Our science is incremental and reductionist and our symbol is the mole. That is kind of apt for the way society views us ... and dangerous. We have lost the hearts and minds of the population when chemical is synonymous with disaster. We need a cultural icon to replace Pauling, a popular science spokesman akin to Sagan and we need to have a dramatic, clearly chemical, Khunian revolution on the order of solving the Origin of Life. 

And we need them now.

Sunday, February 10, 2013

Friday, February 8, 2013

You Show Me Yours and I'll Show You Mine

In keeping with my liberal arts and sciences tendencies I keep an eye on the "3 Quarks Daily" blog and this post today will probably consume my weekend. In the post a reference is made to a science posting by Alan Boyle of the MSNBC "Cosmic Log" who in turn passes on this great little video by Henry Reich.


 

What is brilliant about this is the sharing of daily science feeds that people follow. I must admit that there are some links that appear in the video and the subsequent linkage chain (check the comments all the way through the links above) that I was unaware off and will now have to obsessively plumb for interest and teaching references.

It is always an astonishing thing to suddenly realize a) that you have been swimming in the kiddy end of the science internet pool and b) life is too short to allow a person to swim the in the deep end of the science internet pool and still do productive work. It is to my great shame that I will sit down after class to eat my lunch and catch up on the internet only to look up a couple of hours later and wonder how on earth I ended up on a webpage describing the recipes for the Napoleonic Army during its retreat from Russia.

I pretty much keep a distant eye on the internet with Google Reader (I know, I know but you pretty much have to dance with the girl you brought to the party unless you have the time to meet a whole new girl and learn new dance steps and who has time for that?). That said, I have thought for a while that the small amount of the internet that I do keep an eye on was consuming too much of my time and now this. To my eyes, as I look at the blog rolls, the chemical and science internet that I follow is pretty much a sub-set of what other people follow. I wonder if I were to do the desert island thing and only be allowed ten internet links to follow what I would select. Perhaps Snowmageddon will afford me some time for reflection. I have to hurry home before they close the roads. Stay safe people.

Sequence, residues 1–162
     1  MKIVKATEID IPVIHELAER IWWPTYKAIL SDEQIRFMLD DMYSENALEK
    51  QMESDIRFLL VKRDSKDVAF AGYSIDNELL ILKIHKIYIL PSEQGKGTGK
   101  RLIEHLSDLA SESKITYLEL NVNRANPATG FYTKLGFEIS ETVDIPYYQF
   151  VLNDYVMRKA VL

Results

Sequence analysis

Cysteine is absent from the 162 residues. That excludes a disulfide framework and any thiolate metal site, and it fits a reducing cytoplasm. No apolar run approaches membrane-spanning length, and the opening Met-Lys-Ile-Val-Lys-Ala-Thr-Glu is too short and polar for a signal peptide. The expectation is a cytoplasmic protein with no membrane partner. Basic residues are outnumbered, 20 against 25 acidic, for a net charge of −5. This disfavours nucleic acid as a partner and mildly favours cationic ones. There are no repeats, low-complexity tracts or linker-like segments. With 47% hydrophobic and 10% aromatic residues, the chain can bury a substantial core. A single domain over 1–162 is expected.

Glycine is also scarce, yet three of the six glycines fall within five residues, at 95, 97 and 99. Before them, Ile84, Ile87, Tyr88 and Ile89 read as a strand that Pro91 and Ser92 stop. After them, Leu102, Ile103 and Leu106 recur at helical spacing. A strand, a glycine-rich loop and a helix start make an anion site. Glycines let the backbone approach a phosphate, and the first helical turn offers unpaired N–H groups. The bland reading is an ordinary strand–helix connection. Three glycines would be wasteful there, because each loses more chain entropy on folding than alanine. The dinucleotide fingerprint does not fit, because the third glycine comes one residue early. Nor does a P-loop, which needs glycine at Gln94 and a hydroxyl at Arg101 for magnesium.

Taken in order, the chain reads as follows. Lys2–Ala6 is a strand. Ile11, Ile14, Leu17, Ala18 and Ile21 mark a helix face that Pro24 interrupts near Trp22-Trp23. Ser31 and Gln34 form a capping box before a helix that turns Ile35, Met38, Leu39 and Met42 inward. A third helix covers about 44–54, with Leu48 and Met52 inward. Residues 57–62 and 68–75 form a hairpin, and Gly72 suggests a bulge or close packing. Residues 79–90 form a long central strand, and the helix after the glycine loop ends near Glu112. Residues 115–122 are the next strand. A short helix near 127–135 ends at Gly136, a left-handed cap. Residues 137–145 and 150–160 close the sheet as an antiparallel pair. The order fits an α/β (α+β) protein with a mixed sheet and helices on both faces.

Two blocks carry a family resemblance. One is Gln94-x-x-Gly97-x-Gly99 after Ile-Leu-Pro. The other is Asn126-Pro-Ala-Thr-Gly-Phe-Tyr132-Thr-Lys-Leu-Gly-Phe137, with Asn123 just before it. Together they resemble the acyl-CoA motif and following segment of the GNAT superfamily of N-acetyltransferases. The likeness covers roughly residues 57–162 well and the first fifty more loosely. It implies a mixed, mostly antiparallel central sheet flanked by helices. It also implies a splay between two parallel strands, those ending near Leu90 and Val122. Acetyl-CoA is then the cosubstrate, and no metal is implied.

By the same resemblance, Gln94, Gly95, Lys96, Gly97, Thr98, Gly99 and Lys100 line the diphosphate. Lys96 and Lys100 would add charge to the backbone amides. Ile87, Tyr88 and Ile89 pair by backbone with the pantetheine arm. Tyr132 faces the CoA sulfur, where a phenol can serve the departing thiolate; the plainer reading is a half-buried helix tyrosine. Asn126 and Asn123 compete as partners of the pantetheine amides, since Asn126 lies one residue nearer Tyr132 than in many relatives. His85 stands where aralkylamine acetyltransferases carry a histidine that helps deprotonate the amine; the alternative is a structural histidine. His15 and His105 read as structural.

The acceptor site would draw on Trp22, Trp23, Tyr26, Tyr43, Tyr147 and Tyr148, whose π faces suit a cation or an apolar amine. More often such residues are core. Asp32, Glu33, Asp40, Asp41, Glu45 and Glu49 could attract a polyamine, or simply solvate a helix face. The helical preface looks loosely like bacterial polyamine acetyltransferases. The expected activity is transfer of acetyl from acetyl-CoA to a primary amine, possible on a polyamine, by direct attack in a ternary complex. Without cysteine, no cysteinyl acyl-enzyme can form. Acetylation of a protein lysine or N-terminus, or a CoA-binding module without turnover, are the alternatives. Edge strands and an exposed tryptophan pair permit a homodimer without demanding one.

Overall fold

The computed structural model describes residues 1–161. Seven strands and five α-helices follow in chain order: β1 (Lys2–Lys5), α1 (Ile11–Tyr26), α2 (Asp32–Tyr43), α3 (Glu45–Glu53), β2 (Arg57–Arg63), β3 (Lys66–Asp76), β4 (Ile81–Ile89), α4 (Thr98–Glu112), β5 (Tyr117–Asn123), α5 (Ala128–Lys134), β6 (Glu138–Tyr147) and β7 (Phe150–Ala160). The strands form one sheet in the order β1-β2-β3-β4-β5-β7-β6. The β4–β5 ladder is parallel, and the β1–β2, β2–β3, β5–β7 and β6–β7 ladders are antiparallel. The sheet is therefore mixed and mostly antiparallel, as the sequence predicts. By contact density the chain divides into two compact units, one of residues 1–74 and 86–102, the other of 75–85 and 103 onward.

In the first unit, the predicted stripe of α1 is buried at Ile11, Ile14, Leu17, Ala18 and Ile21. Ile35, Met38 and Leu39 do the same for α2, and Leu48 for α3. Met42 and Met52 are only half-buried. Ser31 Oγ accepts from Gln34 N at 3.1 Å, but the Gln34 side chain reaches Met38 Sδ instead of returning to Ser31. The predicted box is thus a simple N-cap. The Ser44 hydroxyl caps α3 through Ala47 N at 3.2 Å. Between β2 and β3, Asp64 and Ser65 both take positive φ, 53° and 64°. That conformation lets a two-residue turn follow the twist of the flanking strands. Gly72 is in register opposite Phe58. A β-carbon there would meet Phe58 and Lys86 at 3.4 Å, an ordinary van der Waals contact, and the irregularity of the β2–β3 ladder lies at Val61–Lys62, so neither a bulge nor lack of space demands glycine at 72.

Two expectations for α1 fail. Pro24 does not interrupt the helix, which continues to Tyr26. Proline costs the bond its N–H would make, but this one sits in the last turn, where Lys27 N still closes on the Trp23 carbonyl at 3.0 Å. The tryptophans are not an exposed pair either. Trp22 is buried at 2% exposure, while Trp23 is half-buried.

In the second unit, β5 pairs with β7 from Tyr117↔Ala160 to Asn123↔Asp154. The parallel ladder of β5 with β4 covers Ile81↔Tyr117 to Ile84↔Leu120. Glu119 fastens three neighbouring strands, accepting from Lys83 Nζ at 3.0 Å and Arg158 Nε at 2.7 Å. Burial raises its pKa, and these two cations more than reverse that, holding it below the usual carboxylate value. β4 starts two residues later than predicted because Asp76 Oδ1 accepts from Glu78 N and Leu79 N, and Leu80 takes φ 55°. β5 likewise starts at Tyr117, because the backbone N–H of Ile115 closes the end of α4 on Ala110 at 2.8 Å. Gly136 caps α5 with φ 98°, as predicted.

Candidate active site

Tuesday, February 5, 2013

Do You Want Fries with that BSc?

It would seem that the concerns on the job market for chemists and the migration of jobs traditionally held by the comfortable technocrats that made up the bulk of the ACS is not discipline specific.





I like Garrison Keillor and I like this response to his cutting remarks about unemployed graduates. Cognitive dissonance has always been the wayward child of delusion.

"According to one major study produced by the Georgetown University Center on Education and the Workforce, the median income for English majors with a bachelor’s but no additional degree is $48,000. This figure is just slightly lower than that for bachelor’s degree holders in biology ($50,000), and slightly higher than for those in molecular biology or physiology (both $45,000). It’s the same for students who received their bachelor’s in public policy or criminology (both $48,000), slightly lower than for those who received their bachelor’s in criminal justice and fire protection ($50,000) and slightly higher than for those who received it in psychology ($45,000)."

In the spirit of Ricoeur I say:

In the light of all that I know I choose to believe that my discipline is not only a benefit to society and a salve to my curiosity but also a viable career path for the generation that will follow me. They will find a way and society will need us, keep calm and chemistry on.

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For a while it was all about research and then it was all about teaching and now it's all about trying to find a balance while teaching at a small liberal arts and science university.